In my case, if you had asked me as a child what kind of wedding dress I would one day wear I probably would have said something like a Barbie wedding dress. Fashions change; a wedding dress from five years ago wouldn’t necessarily be in fashion now, let alone one from 20-30 years ago. As for knowing who my bridesmaids would be – I am having four bridesmaids, three of whom I didn’t meet until after I had finished school (the other one is my sister). I don’t even know what my colour scheme will be at this stage, just over a year before my wedding, and I certainly didn’t have it planned since childhood/early adolescence.

I think this is just a lazy trope spouted by men who see weddings as ‘women’s stuff’.
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25-06-2019, 10:16   #96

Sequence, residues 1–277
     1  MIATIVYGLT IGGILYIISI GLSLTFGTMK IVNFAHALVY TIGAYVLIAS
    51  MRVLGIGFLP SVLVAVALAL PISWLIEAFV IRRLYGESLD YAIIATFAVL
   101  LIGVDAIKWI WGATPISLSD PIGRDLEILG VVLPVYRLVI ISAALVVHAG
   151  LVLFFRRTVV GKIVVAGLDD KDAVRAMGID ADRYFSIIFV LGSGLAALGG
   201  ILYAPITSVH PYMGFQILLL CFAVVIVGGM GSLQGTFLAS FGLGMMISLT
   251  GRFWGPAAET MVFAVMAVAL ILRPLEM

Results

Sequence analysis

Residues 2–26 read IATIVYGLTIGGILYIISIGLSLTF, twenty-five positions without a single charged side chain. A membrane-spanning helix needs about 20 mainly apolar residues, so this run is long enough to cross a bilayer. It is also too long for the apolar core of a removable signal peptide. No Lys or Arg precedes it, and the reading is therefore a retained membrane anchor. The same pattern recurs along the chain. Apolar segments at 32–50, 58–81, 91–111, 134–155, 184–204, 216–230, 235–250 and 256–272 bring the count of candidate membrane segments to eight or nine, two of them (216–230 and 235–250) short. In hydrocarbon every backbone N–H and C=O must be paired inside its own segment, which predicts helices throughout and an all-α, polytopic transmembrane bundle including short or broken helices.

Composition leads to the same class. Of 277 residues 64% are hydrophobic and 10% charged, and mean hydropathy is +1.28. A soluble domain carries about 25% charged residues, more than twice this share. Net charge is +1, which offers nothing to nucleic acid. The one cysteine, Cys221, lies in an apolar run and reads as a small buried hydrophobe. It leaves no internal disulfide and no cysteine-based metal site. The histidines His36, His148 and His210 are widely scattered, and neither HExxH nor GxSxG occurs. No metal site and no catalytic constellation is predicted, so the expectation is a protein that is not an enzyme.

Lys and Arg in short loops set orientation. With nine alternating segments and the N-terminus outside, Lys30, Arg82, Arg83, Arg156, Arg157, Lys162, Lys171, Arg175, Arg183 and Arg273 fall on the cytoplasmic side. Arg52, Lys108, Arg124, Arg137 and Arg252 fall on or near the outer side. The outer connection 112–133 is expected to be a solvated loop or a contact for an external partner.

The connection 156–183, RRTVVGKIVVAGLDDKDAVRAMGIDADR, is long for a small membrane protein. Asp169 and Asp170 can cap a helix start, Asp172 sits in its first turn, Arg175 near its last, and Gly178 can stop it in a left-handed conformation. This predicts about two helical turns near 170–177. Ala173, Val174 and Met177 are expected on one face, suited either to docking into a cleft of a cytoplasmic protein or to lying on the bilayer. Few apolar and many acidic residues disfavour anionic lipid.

baby and crumble
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I don’t even know what my colour scheme will be at this stage, just over a year before my wedding, and I certainly didn’t have it planned since childhood/early adolescence.

I think this is just a lazy trope spouted by men who see weddings as ‘women’s stuff’.
Agreed. There were two women in our wedding planning, how were we meant to sort it out if we'd both been dreaming of different weddings since we were little kids?

There's stereotypes that happen for a reason, I'll grant you, and overall it does seem like a lot of guys in straight relationships are happy to let their partner take the reins, but part of me wonders if it's moreso because so many (particularly in Ireland) are just used to having the women in their lives organise everything for them?